4. Ld. Consultant for the appellant submitted that the impugned order is not sustainable in law as the same has been passed without properly considering the facts and the law. He further submitted that one Mr. Karunakara and Mr. Dombaiah raised invoice and charged Service Tax pertaining to the previous bills and were raised before obtaining the registration. He further submitted that few suppliers have supplied based on the investigation commenced and based on provisions of Rule 9(1)(bb) of CCR; such supplementary invoices were not proper documents for the purpose of availing the credit. He further submitted that as per Rule 4 of ST Rules, application for registration shall be made within 30 days of the provision of service liable to Service Tax. He then referred to Rule 4 and Sub-Rule 5 of Rule 4 and submitted that there is a threshold time limit of 30 days to file the application and once the application is filed, there is no bar in issuing the tax invoice from the date of application. Further, there is no provision in the application to mention the date from which the registration is required. Once the application is filed, the Return can be filed even for the period prior to registration. He also submitted that these two suppliers had filed application at least more than a month prior to the date of registration but the Department issued a certificate much after the date of application. Further, as per ST Rules, ST Returns should be filed on half early basis. In the present case, both the ST registrations are granted in December 2013 but the ST Return has been filed for the half year, October 2013 to March 2014 and the service provider had paid Service Tax on the invoices raised before the date of registration and hence credit should be allowed. For this submission, he relied upon the decision in the case of Commr. of ST, Chennai Vs. Verizon Date Services (I) (P) Ltd., 2015 (39) STR 522 (Tri. Chennai) wherein the Tribunal has held that by not getting registered a person does not cease to become a provider of taxable service if he is actually providing such service. Even if a service provider is not registered, there will be tax liability on him if he is providing taxable service. The benefit of CENVAT credit also has to be seen accordingly. The Tribunal also noted that Rule 4 of Service Tax Rules is applicable to a person who is liable to pay Service Tax. If there is an offence of not complying with Rule 4 of Service Tax Rules, that matter has to be adjudicated as per the provisions of the Act and the Rules. Denial of CENVAT credit may not be the proper course in such situation.

4.1. He also relied upon the decision in the case of Viswanathan Constructions (P) Ltd. Vs. CCE, 2016 (45) STR (Tri. Chennai), Revenue contended that the parties were not registered during the material period. But it was held by the Chennai Bench that Revenue’s contention that the parties were not registered at the material period is not the valid reason. And where the input services have been utilized by the appellant in providing output service and in absence of any contrary finding, there cannot be denial of CENVAT credit of the Service Tax paid on input service. Registration is mere technical formality to bring the taxpayer to the fold of law without curtailment of the right of the taxpayer to be subject to other provisions of law which grants benefit.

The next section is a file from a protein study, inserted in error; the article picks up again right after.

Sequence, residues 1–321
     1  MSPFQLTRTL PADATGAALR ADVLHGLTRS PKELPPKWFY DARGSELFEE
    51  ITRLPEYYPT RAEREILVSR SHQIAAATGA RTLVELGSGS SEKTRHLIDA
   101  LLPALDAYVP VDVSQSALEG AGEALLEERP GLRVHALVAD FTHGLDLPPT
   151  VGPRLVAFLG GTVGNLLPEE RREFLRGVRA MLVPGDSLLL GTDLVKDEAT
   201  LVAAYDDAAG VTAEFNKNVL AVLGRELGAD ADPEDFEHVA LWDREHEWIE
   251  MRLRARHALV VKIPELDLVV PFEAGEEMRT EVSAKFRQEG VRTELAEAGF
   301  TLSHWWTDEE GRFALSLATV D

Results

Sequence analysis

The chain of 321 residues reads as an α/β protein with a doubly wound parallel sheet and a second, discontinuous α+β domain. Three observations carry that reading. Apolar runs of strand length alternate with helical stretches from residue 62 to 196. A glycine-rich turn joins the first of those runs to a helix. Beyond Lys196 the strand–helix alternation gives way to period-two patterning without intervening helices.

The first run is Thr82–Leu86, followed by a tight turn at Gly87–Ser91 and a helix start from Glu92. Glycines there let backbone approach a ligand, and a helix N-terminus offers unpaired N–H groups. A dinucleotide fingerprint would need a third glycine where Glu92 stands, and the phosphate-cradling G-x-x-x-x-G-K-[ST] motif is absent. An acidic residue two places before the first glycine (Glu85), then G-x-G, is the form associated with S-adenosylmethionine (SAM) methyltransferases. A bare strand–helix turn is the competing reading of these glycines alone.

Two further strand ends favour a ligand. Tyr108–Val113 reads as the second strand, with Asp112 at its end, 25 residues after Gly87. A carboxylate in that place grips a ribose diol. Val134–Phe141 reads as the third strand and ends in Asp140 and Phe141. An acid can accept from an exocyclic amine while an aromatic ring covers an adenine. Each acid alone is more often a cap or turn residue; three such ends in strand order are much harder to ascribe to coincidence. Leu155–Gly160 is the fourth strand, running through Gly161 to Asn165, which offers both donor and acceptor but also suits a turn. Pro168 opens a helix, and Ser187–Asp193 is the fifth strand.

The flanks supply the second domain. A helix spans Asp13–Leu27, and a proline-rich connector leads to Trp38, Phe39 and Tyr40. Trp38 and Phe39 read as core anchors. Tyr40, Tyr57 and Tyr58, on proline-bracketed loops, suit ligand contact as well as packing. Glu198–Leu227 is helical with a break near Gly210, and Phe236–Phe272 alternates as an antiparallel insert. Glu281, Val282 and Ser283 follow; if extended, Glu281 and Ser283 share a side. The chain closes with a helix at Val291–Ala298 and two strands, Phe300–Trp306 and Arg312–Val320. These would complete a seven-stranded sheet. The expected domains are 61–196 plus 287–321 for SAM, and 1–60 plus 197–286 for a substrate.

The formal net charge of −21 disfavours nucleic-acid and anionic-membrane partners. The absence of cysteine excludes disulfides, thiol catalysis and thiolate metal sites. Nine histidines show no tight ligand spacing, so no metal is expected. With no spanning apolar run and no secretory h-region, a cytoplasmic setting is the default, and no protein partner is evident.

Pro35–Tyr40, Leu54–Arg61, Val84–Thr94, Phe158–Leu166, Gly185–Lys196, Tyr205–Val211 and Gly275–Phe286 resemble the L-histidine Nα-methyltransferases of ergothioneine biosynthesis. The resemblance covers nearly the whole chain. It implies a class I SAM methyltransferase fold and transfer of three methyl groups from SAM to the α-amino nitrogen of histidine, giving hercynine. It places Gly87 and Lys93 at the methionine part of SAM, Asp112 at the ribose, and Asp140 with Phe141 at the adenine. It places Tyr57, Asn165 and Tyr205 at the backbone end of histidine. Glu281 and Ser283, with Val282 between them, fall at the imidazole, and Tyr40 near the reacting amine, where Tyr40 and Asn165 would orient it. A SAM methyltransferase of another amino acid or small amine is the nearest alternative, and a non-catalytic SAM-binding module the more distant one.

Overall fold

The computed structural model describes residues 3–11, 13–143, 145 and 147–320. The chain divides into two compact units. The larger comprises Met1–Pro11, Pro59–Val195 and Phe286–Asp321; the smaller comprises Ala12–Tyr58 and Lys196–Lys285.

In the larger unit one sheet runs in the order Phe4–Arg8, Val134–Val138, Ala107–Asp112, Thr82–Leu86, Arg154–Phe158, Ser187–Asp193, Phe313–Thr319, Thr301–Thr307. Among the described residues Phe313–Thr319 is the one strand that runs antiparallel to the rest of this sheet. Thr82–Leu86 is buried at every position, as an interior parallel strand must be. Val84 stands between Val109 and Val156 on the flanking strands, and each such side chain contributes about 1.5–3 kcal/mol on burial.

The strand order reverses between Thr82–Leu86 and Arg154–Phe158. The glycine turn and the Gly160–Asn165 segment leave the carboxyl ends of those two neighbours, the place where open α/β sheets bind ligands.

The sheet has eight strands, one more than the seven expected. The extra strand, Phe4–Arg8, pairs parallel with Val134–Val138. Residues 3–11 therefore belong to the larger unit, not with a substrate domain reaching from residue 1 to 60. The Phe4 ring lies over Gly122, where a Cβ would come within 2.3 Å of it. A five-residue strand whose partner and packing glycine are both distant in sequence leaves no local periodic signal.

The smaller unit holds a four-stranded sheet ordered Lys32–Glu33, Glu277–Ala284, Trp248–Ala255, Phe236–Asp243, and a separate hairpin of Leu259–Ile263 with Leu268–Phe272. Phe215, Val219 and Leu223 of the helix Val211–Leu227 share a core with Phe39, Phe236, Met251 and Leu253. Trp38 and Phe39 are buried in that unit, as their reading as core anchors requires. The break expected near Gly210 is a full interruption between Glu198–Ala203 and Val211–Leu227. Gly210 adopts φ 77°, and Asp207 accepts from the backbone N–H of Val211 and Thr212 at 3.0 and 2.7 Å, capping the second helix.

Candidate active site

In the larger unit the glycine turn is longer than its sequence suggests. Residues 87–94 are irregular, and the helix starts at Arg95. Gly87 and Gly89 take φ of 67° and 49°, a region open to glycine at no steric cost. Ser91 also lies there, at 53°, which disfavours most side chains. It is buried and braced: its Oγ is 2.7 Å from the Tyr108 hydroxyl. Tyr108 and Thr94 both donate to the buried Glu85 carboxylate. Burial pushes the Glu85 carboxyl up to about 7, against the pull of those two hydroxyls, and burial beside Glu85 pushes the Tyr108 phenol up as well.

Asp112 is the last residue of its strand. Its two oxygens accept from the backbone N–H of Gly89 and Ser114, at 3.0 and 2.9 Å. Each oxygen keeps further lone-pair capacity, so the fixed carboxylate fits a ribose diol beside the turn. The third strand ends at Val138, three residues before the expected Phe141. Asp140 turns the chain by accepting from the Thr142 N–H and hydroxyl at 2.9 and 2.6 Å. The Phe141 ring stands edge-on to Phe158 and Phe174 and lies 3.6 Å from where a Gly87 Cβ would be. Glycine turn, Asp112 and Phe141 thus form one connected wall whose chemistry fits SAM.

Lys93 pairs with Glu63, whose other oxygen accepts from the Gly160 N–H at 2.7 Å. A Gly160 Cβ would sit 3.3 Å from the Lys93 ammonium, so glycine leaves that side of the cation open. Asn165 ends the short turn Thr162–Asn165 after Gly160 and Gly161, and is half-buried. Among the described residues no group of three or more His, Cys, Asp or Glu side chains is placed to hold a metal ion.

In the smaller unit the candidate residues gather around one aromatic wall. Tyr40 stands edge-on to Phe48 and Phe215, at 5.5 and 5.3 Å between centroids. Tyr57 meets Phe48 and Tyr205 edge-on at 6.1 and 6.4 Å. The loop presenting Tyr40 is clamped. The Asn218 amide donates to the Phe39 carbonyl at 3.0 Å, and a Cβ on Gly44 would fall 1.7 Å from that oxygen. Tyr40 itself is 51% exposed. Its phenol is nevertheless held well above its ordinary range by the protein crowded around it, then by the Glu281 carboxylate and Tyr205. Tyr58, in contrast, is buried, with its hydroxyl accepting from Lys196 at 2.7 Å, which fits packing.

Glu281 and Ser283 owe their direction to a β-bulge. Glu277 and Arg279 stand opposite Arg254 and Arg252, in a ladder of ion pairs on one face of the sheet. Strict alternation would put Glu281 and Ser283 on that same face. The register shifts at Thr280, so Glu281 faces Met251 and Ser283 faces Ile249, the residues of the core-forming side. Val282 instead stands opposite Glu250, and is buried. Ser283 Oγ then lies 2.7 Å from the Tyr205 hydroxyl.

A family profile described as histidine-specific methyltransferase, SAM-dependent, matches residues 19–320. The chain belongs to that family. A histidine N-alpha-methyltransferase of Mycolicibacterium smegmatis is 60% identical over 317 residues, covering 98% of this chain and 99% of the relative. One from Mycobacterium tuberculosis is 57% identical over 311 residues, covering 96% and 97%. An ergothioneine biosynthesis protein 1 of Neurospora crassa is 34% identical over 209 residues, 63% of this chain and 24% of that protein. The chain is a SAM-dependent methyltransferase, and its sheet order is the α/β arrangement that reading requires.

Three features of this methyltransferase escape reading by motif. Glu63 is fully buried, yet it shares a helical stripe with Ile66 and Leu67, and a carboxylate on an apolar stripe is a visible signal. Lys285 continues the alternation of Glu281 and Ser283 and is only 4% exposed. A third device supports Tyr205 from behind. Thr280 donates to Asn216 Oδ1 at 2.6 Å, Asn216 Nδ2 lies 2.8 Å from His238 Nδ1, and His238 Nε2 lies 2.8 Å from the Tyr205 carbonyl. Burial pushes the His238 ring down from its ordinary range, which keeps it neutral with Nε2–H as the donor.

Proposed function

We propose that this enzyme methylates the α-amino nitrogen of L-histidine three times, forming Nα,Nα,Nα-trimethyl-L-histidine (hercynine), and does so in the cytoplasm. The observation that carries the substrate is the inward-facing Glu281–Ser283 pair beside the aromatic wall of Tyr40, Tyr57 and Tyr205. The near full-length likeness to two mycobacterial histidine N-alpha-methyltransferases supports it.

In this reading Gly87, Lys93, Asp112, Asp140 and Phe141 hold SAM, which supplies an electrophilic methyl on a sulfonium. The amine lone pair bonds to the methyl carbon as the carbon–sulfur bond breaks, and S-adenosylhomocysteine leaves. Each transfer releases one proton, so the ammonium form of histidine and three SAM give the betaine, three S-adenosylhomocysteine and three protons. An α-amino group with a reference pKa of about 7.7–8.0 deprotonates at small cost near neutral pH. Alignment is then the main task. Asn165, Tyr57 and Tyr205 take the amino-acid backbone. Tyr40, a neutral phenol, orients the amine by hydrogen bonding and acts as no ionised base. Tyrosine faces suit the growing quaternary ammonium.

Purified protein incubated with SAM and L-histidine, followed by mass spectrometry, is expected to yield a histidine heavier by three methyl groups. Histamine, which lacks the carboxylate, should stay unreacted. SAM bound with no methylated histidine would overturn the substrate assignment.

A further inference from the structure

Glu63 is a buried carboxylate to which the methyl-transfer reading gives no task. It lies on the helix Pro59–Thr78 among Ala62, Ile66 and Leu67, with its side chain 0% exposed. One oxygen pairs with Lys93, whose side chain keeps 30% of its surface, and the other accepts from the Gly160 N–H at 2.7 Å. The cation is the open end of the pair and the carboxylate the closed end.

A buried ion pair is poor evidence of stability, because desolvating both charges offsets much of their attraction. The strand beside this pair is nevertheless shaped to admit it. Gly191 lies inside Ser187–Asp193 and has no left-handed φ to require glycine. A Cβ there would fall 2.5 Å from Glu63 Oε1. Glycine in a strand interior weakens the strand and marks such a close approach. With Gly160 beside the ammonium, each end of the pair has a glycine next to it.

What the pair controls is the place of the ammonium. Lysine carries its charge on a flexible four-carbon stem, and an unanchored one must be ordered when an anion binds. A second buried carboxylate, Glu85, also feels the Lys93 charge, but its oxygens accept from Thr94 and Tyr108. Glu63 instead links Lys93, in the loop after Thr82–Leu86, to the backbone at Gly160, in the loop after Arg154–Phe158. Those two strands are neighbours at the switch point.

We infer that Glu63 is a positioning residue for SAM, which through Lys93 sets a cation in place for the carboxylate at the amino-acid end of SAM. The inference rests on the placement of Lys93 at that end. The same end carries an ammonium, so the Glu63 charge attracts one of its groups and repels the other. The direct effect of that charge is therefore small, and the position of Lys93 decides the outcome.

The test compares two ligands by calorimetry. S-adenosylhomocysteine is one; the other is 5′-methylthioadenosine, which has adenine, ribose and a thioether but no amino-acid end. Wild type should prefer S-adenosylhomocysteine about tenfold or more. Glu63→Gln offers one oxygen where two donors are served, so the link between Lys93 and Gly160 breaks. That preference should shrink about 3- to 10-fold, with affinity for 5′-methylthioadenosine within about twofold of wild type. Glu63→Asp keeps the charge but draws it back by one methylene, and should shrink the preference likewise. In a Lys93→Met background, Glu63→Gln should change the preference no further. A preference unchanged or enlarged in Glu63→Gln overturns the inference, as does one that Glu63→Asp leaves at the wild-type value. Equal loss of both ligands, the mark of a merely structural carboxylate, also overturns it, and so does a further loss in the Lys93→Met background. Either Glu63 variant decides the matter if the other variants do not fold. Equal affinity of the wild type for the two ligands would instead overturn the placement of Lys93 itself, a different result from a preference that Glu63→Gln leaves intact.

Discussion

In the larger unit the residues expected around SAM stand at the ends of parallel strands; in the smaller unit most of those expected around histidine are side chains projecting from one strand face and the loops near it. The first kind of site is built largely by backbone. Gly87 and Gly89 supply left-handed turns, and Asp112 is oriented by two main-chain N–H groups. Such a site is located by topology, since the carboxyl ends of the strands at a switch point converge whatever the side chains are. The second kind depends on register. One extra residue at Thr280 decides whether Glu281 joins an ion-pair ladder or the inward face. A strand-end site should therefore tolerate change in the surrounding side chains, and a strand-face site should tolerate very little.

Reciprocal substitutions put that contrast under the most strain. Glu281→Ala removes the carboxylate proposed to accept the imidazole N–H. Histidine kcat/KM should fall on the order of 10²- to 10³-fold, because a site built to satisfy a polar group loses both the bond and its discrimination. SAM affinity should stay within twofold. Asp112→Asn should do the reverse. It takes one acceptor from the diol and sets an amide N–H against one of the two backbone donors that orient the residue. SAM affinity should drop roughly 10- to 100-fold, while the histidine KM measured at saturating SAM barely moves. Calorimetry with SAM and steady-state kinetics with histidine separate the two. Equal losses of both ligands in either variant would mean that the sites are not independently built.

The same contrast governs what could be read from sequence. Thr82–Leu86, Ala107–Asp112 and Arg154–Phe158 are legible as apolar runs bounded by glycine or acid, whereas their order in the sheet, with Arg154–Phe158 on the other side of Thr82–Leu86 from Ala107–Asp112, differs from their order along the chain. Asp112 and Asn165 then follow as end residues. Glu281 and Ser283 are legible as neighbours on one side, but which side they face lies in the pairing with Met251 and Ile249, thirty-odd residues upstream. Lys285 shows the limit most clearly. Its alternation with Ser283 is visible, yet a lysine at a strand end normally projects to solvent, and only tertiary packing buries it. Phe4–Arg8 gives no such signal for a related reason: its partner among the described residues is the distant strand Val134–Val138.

4.2. He further submitted that in the Order-in-Original, the issue of Rule 9(bb) was set aside and upheld the disallowance of credit on the ground that those two suppliers issued the invoice prior to their registration but the First Appellate Authority dismissed the appeal on the ground that supplementary invoices issued under Rule 9(bb) are not the proper document to avail the credit. The Order-in-Appeal is beyond the contention in the SCN as well as Order-in-Original and hence liable to be set aside.

5. On the other hand, the Ld. AR defended the impugned order.

6. After considering the submissions of both the parties and perusal of the material on record, I find that the impugned order is contrary to the SCN as well as the Order-in-Original because in the Order-in-Original, the issue of Rule 9(bb) was set aside whereas the Commissioner (A) has relied upon Rule 9(bb) and denied the credit which is beyond the SCN. Further, the provision of supplementary invoice is not applicable in the present case because in the present case, only invoices were issued and not the supplementary invoices. Further, I find that in view of the decision of the Karnataka High Court in the case of mPortal India Wireless Solutions Pvt. Ltd. Vs. CST, Bangalore, 2012 (27) STR 134 (Kar.) = 2011-TIOL-928-HC-KAR-ST wherein in it was held that-

“7. Insofar as requirement of registration with the department as a condition precedent for claiming CENVAT credit is concerned, learned counsel appearing for both parties was unable to point out any provision in the CENVAT Credit Rules which impose such restriction. In the absence of a statutory provision which prescribes that registration is mandatory and that if such a registration is not made the assessee is not entitled to the benefit of refund, the three authorities committed a serious error in rejecting the claim for refund on the ground which is not existence in law. Therefore, said finding recorded by the Tribunal as well as by the lower authorities cannot be sustained. Accordingly, it is set aside.”

6.1. Further, I find that in the case of Commissioner of Service Tax, Bangalore Vs. Kyocera Wireless (India) Pvt. Ltd., 2016 (43) STR 542 (kar.) = 2016-TIOL-2596-HC-KAR-ST it was held that registration with the Department not a pre-requisite for claiming credit. Further, I find that the ratio of the above said decisions are applicable in the present case and by following the ratio of the above said decisions, I am of the view that the impugned order is not sustainable in law and therefore the same is set aside by allowing the appeal of the appellant. Hence, the appeal is allowed.

(Operative portion of the Order was pronounced in Open Court on 27.02.2019)